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5.0 out of 5 stars Art and love, intertwined May 2 2001
Format:Paperback
Durrell further explores not only another love for Darley, but what art is and what it ought to be. Of course, descriptions are lush. One can almost hear hear the music of the closing festival and the beating of its drums.
Clea and Darley's relationship is embroidered over a wartime background. Durrell uses their beautiful private island experiences to echo and foreshadow the rise and fall of this relationship.
And we see how Clea develops as an artist. We are given Pursewarden's posthumous discourse on the philosophy of art. He gives is a lot to think about.
Sometimes I think that Durrell is Pursewarden, and then I wonder if he is making fun of himself in the Darley character. And in reality I find that I wish I could meet and know Durrell.
Clea is another must read.
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Format:Hardcover
What can one say about perfection? One does not just look at the ceiling of the Cistine Chapel as a great work of art but rather as perfection personified, merely mediated by paints and gilt. This book is exactly the same, its perfection is personified not by pigments and gold, but by ink and prose.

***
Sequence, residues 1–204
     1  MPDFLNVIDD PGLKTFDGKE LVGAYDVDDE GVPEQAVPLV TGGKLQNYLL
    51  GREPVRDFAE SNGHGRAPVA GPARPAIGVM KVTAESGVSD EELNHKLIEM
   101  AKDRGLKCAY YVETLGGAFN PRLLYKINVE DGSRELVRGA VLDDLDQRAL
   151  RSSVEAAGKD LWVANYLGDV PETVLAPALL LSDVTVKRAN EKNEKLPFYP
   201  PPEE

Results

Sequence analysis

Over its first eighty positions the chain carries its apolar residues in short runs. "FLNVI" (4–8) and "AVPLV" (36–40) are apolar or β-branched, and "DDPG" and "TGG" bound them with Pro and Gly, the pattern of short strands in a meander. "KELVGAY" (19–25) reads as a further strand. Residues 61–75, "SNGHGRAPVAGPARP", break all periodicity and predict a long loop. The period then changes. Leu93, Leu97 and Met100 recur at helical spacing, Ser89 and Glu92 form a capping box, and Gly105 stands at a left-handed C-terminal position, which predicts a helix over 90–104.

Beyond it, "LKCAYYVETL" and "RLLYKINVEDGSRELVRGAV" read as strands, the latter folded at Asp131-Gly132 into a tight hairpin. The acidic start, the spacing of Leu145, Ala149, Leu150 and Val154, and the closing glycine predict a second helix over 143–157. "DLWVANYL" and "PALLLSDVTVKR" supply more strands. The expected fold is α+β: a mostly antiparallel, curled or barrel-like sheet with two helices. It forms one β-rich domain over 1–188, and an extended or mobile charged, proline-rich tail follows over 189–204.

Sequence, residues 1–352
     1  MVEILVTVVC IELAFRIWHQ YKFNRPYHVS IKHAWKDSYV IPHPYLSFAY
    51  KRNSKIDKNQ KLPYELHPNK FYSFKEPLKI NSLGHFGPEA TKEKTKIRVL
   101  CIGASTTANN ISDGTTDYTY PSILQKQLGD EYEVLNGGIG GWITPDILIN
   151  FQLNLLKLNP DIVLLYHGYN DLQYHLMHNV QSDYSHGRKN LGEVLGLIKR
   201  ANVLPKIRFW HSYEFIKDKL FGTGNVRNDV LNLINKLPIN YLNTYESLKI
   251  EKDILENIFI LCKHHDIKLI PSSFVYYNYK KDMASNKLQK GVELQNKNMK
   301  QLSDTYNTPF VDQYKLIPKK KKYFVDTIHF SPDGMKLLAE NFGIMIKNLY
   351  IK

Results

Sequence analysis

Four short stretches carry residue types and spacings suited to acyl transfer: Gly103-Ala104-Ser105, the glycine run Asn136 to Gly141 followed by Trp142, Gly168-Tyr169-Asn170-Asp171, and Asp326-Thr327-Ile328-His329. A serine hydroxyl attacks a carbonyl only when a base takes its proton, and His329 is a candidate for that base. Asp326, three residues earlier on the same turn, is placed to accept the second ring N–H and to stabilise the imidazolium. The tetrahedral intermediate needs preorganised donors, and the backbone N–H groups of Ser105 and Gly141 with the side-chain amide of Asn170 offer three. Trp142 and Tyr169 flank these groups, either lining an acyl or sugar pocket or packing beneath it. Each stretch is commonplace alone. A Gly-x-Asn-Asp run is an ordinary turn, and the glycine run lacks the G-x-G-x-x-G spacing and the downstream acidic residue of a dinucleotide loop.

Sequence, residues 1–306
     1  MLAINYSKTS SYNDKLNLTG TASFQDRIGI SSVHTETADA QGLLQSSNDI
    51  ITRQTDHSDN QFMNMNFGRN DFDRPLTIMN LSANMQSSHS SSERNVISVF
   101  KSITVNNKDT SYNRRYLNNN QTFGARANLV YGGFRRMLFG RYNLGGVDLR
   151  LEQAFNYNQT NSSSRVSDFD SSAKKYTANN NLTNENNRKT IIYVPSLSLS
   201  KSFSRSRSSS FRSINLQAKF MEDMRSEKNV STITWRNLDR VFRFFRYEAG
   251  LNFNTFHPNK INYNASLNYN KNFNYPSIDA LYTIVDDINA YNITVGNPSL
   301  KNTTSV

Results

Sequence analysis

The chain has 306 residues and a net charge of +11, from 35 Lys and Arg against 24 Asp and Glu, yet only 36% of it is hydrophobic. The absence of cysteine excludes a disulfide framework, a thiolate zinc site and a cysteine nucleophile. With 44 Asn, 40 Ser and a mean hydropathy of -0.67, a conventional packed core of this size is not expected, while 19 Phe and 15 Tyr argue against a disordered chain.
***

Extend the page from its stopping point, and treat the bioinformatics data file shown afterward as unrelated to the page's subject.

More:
It is indeed rare that an artist pours their all into their work,but when it does occur, be it in the 9th Symphony of Beethoven or Kubrick's 2001, it is unilaterally hailed as a magnum opus.
Clea, in my opinion is just such a work. The way in which Durrell contrasts the blunt style of description with the uncompairable beauty of the subject matter pushes the book deeper into the sanctum sanctorum of literary perfection.
In thinking about this review, perfection seems too cold and metallic a word to be applied to such a beautiful work of art. There seems to be no word that accurately describes the flawless beauty of this book, but these are the limitations of language. Perhaps if I spoke Italian.
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Most Helpful Customer Reviews on Amazon.com (beta)
Amazon.com: 4.6 out of 5 stars  12 reviews
8 of 9 people found the following review helpful
5.0 out of 5 stars Art and love, intertwined May 2 2001
By Colleen Davenport - Published on Amazon.com
Format:Paperback
Durrell further explores not only another love for Darley, but what art is and what it ought to be. Of course, descriptions are lush. One can almost hear hear the music of the closing festival and the beating of its drums.
Clea and Darley's relationship is embroidered over a wartime background. Durrell uses their beautiful private island experiences to echo and foreshadow the rise and fall of this relationship.
And we see how Clea develops as an artist. We are given Pursewarden's posthumous discourse on the philosophy of art. He gives is a lot to think about.
Sometimes I think that Durrell is Pursewarden, and then I wonder if he is making fun of himself in the Darley character. And in reality I find that I wish I could meet and know Durrell.